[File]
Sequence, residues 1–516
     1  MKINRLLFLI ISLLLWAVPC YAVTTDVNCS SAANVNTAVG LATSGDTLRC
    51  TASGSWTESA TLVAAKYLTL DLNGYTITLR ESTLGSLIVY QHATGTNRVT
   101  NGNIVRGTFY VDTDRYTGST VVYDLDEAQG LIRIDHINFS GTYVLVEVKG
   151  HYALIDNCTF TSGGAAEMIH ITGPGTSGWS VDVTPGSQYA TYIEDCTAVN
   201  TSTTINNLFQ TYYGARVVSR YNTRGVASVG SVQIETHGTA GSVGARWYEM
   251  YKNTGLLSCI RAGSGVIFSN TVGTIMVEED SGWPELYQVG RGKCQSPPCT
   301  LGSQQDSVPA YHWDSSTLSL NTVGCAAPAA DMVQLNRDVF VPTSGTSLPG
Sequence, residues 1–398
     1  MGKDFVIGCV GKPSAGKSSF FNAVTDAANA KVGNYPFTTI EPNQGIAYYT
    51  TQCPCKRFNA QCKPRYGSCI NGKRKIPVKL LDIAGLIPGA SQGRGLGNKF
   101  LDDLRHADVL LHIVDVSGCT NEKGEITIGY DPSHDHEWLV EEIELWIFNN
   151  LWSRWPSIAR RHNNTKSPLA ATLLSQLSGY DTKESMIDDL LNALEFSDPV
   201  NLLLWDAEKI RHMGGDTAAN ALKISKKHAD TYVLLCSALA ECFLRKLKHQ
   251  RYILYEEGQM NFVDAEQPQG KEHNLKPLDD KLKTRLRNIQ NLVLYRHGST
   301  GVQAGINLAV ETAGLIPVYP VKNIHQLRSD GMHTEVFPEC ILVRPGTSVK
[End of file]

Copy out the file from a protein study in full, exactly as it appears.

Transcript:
Sequence, residues 1–516
     1  MKINRLLFLI ISLLLWAVPC YAVTTDVNCS SAANVNTAVG LATSGDTLRC
    51  TASGSWTESA TLVAAKYLTL DLNGYTITLR ESTLGSLIVY QHATGTNRVT
   101  NGNIVRGTFY VDTDRYTGST VVYDLDEAQG LIRIDHINFS GTYVLVEVKG
   151  HYALIDNCTF TSGGAAEMIH ITGPGTSGWS VDVTPGSQYA TYIEDCTAVN
   201  TSTTINNLFQ TYYGARVVSR YNTRGVASVG SVQIETHGTA GSVGARWYEM
   251  YKNTGLLSCI RAGSGVIFSN TVGTIMVEED SGWPELYQVG RGKCQSPPCT
   301  LGSQQDSVPA YHWDSSTLSL NTVGCAAPAA DMVQLNRDVF VPTSGTSLPG
Sequence, residues 1–398
     1  MGKDFVIGCV GKPSAGKSSF FNAVTDAANA KVGNYPFTTI EPNQGIAYYT
    51  TQCPCKRFNA QCKPRYGSCI NGKRKIPVKL LDIAGLIPGA SQGRGLGNKF
   101  LDDLRHADVL LHIVDVSGCT NEKGEITIGY DPSHDHEWLV EEIELWIFNN
   151  LWSRWPSIAR RHNNTKSPLA ATLLSQLSGY DTKESMIDDL LNALEFSDPV
   201  NLLLWDAEKI RHMGGDTAAN ALKISKKHAD TYVLLCSALA ECFLRKLKHQ
   251  RYILYEEGQM NFVDAEQPQG KEHNLKPLDD KLKTRLRNIQ NLVLYRHGST
   301  GVQAGINLAV ETAGLIPVYP VKNIHQLRSD GMHTEVFPEC ILVRPGTSVK